Hopefully this scheme will not mean other good landlords decide to exit out of the Nottingham rental market because they perceive the regulatory environment as damaging to their business growth.
3. Landlords who appoint regulated agents to manage their properties will have to apply for a licence even though they have no day to day dealings with the management of their rental property. This is because no process or joint working relationship has been put in place to release regulated agents from this scheme, who in many cases conduct comprehensive HHSRS checks on properties before listing them for rental. The unintended consequence of this oversight will be more landlords forced into self-management as a way to save cost.
4. NCC promotes a key driver for their more or less citywide licensing scheme is ensuring the protection and safeguarding of tenants. It would seem however there is a lack of robustness in achieving this outcome as only 50% of non-accredited and 10% of the accredited properties will be inspected under their scheme.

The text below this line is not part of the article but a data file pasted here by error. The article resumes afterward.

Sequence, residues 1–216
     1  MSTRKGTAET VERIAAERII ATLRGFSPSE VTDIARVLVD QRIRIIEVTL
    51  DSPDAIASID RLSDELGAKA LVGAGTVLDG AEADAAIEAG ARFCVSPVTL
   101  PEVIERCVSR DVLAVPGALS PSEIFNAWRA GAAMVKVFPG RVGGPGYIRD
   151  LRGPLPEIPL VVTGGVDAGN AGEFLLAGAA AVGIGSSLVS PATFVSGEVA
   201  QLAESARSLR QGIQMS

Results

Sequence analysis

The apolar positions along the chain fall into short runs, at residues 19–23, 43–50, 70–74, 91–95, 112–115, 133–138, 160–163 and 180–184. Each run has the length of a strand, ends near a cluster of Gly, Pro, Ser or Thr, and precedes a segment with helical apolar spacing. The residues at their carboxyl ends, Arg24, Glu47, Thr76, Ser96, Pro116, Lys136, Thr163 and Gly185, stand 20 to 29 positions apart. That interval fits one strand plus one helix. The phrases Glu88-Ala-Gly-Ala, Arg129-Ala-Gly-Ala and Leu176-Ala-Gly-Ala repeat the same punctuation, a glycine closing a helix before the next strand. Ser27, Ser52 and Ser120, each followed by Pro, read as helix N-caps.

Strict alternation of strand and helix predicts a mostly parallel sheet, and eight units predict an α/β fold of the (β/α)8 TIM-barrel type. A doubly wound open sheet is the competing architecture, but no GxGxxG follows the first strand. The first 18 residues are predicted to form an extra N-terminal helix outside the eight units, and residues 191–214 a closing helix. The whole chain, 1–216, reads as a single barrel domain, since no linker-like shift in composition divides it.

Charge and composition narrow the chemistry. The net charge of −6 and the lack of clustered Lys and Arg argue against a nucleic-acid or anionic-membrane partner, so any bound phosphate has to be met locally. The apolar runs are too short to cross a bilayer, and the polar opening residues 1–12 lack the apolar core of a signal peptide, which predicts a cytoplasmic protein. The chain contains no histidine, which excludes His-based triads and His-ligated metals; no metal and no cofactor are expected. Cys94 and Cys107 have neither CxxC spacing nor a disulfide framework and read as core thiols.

Ashfield District Council who has been operating a Selective licensing scheme since early 2016 will only issue licenses once a property inspection has been carried out. The reason for this is to ensure the property is decent and safe and the landlord has the necessary skill set for their role.
5. People who wish to rent their properties for a short period of time will be at risk of receiving a Civil Penalty fine up to £30,000 as they would not consider the requirement to pay £655.00 for a license to rent their home.
It is clear at some point in 2018 Nottingham will be rolling out a Selective licensing scheme. The decision on the size of this scheme rests with the Secretary of State. It is hoped a scheme licensing of a further 32,000 properties will be seen as unnecessary; as recent new powers under the Housing and Planning Act now provide NCC with sufficient tools to address the issues it hopes Selective licensing will solve.
For more information click HERE (see Point 7)
On Tuesday 22nd November 2016, Nottingham City Council (NCC) announced a 10 week Selective Licensing consultation. The consultation will run from January to March 2017, with the scheme being implemented in February 2018.